4. I wasn't aware there was such a thing as a tree dahlia - now I do! Thank you for enlightening me. I must look them up.
    Your garden is certainly looking very lush and yet you've a fair bit of colour. Love your pond and by the sounds of it must be a wonderful place to sit and reflect.

  5. So many lovely vignettes, so many lovely plants! I love the gravel garden, and the view over towards the pergola. And the pond of course - always the pond! Despite the weed. I was tickled pink by your "chuffed to little mint-balls" phrase, a new one on me! I realise this is heresy, but I have put my Edgeworthia on notice. It has been fed, mulched, and informed that if it doesn't buck its ideas up and start performing it is going. I think there is definitely a roll for glysophate in the garden, I am currently enjoying the sight of the bindweed shriveling up and dying, though more is appearing that will also need treating. Sometimes, needs must!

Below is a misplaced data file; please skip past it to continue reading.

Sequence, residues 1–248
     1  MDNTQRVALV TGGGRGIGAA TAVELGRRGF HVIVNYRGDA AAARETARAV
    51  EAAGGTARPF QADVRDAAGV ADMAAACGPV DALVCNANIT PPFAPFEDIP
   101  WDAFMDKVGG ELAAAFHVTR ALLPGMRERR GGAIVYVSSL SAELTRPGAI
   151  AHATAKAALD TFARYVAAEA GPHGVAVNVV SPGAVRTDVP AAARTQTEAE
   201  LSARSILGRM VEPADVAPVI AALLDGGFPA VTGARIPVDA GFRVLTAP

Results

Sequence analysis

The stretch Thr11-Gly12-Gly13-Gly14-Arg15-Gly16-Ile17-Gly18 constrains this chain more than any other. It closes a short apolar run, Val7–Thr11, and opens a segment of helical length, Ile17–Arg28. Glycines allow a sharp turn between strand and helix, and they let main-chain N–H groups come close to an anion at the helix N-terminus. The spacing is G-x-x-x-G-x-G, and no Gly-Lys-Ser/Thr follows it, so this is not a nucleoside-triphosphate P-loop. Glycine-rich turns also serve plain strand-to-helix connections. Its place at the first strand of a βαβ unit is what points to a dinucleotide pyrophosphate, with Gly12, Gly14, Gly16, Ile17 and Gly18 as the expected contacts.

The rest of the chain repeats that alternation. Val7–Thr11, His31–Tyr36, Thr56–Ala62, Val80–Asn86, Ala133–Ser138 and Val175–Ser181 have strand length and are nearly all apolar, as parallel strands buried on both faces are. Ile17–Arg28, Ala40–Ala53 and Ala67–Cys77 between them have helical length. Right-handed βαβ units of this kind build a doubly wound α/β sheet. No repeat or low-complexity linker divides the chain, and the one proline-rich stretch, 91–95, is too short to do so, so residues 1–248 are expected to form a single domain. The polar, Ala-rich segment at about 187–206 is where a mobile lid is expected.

1. Edgeworthias do seem to be on the sensitive side, I just I can keep mine going until it gets large enough to flower. They are easily upset/killed.

  6. Ah lovely, I feel better now!!

  7. Bruce looks like he is certainly enjoying your lovely garden!

  8. You have a lovely sleeping supervisor in your greenhouse, haha. Thank you so much for this tour around your lush garden, this is certainly my type of garden. The pond must be such a nice place to sit and look, but also the conservatory border, the wild garden and so on, it all looks wonderful and may be some parts are a bit like a secret garden.

  9. There is always so much going on in your garden Alison, I admire how much you keep up - it's looking so good. Bruce is clearly happy in the greenhouse - good to see him settling in.

    Love the wall flowers with the garlic. What a good idea - one that i think might be stolen... ;)